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20 July 2018 Photo Leonie Bolleurs
Research informs about sustainable use of fresh water for food production
Conducting research on the topic of water-footprint assessment, are from the left: Dr Enoch Owusu-Sekyere, Dr Henry Jordaan, study leader and Senior Lecturer in the UFS Department of Agricultural Economics, Dr Frikkie Maré (Head of the Department of Agricultural Economics), and Adetoso Adetoro.

The fact that South Africa is a water-scarce country has been highlighted during the past couple of years, and even city dwellers were suddenly very aware of the drought due to the strict water restrictions. These are the words of Dr Frikkie Maré, Head of the Department of Agricultural Economics at the University of the Free State (UFS) and one of the graduates who received his PhD on water-footprint assessment studies at the recent June 2018 graduations.

The department is currently involved in various water-footprint and water-management research projects which assist in providing solutions for better water management in the future. “As department, we want to be at the forefront of research that will assist all agricultural producers with sustainable production practices to ensure economic, environmental, and social sustainable food and fibre products for the society at large,” said Dr Maré.

Research funded by Water Research Commission

The UFS recently conferred two PhD degrees (Drs Enoch Owusu-Sekyere and Frikkie Maré) and one master’s degree (Adetoso Adetoro) in the Department of Agricultural Economics. All three have been working in the field of water-footprint assessment. The research formed part of two different projects that were initiated and funded by the Water Research Commission.

According to Dr Henry Jordaan, Senior Lecturer in this department, four of his students already received their master’s degrees on the topic of water-footprint assessment, while two students are busy with PhDs and three more are working on their master’s degrees.

Topic gains momentum in research community
The water-footprint concept serves as a useful indicator to sensitise society about the impact of the food we eat on scarce freshwater resources – from agricultural producers using water to produce primary food crops and products on the farm, to the end consumer buying the food products in the retail store in town.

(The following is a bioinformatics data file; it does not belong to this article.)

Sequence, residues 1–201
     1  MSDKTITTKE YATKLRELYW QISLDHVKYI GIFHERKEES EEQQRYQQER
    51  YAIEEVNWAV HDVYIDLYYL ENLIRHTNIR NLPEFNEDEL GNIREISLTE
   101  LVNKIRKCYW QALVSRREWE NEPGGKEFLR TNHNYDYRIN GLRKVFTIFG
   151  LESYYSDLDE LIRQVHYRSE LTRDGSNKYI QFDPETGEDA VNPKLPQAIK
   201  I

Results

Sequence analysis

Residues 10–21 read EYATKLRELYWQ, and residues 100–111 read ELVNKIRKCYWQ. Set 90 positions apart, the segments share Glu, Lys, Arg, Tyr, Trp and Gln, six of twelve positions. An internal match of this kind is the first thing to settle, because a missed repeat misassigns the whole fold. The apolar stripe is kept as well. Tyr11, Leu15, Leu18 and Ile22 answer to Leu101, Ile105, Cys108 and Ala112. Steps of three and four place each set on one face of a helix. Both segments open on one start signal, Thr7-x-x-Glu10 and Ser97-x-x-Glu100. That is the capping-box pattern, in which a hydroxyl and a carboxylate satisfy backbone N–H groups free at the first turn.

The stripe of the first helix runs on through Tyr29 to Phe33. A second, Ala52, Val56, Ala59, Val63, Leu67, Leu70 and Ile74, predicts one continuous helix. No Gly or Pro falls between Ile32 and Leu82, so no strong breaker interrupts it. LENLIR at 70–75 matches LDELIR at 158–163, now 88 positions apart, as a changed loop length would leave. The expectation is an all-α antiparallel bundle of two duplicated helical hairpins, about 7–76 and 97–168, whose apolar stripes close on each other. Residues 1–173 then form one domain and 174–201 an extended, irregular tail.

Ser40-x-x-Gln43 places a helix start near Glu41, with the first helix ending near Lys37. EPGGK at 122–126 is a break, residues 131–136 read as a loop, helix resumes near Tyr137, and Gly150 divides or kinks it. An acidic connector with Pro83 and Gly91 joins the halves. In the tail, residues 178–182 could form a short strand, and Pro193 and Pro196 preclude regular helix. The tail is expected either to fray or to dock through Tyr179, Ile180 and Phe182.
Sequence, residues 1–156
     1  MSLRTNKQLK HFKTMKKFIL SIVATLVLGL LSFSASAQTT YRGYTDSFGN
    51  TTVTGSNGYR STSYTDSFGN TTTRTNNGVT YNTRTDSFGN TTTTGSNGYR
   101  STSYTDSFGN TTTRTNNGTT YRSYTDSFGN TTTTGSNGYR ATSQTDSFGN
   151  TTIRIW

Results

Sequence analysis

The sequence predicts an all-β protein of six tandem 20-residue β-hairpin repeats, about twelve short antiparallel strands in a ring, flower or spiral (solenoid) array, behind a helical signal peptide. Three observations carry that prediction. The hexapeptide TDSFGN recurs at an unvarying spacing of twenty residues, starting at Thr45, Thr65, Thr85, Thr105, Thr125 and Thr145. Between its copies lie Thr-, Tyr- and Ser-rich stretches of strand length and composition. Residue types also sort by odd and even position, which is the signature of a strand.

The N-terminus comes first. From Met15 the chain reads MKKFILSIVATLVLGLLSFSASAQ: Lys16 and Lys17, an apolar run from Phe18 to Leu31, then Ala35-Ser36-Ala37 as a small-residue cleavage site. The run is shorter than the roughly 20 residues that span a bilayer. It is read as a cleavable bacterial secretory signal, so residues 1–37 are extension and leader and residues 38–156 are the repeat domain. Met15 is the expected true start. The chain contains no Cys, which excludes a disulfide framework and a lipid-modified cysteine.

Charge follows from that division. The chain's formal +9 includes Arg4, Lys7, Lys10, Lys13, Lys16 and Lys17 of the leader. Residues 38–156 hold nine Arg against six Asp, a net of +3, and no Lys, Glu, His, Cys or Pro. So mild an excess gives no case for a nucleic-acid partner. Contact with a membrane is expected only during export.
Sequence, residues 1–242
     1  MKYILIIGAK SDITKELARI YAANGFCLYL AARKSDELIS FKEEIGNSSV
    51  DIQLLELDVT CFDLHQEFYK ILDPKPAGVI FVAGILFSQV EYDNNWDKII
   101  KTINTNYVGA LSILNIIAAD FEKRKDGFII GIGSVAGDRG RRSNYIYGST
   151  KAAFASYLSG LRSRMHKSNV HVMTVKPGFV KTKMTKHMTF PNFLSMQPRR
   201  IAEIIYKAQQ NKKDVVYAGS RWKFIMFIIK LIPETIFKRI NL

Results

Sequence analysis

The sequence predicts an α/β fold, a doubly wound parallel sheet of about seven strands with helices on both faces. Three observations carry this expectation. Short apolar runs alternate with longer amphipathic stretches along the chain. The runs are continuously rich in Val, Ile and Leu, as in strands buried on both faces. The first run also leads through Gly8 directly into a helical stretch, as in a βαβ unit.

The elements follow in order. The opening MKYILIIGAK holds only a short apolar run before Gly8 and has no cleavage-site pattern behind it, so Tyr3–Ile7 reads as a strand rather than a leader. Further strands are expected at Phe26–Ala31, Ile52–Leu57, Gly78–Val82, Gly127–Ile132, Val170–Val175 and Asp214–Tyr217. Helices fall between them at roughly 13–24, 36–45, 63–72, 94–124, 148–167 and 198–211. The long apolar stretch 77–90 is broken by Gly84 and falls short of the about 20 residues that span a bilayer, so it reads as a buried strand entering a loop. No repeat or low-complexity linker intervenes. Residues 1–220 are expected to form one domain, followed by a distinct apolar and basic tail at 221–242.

“Water-footprint assessment is a relatively new field aimed at informing the sustainable use of fresh water for food production. This topic is gaining momentum in the research community, given the substantial increase in the global population in the context of freshwater resources that is getting increasingly scarce. The challenge is to feed the growing population while still using the scarce freshwater resources sustainably.

Volume of water used to produce food

“In order to inform water users on how to use the resource sustainably, it is important to know the volume of water that was used to produce the required food products. Through our research, we are contributing to this knowledge by assessing the volume of water that was used to produce selected products, and to interpret the water use in the context of water availability to gain insight into the degree of sustainability with which the resource is used. The results are expected to inform water users, water managers, and policy makers regarding the sustainable use of fresh water for food production,” said Dr Jordaan.

News Archive

Major infrastructure development planned for three campuses
2014-01-06

 

DHET Sound Studio, African Languages and Humanities projects.
More students will be accommodated on our campuses, with two new residences being built on the Qwaqwa and Bloemfontein Campuses respectively. The residences are part of a grant received by the Department of Higher Education and Training (DHET).

The new residences will accommodate 250 students each and the planned completion date is end of 2014.

Other major projects planned for the three campuses are a Student Life Centre on the Qwaqwa Campus, new lecture halls for the South Campus and a new sound studio on the Bloemfontein Campus. The sound studio will be erected where the old squash courts used to be.

The Department of Physical Planning stated the aim is to create a facility that can house a recording studio that will function as a multi-purpose centre where students can get practical experience in sound and visual recording. Albie Louw, Chief Officer: Property Management in the Department of Physical Planning, says the studio will have a screening room, a multi-camera recording studio, editing room, video- and audio-control room and lecture-recording studios.

The projects have different completion dates, but all fall within the 2013/2014 and 2014/2015 financial years.

On the Qwaqwa Campus, the existing amphitheatre in front of the library will get a roof, so that it can be used more effectively and be more accessible. It will create a new active open space that can be utilised by students for informal study, a social space and for formal functions or promotions.

Other facilities to be upgraded include the electrical infrastructure on the Qwaqwa Campus. Disability access on the campus will also be improved.

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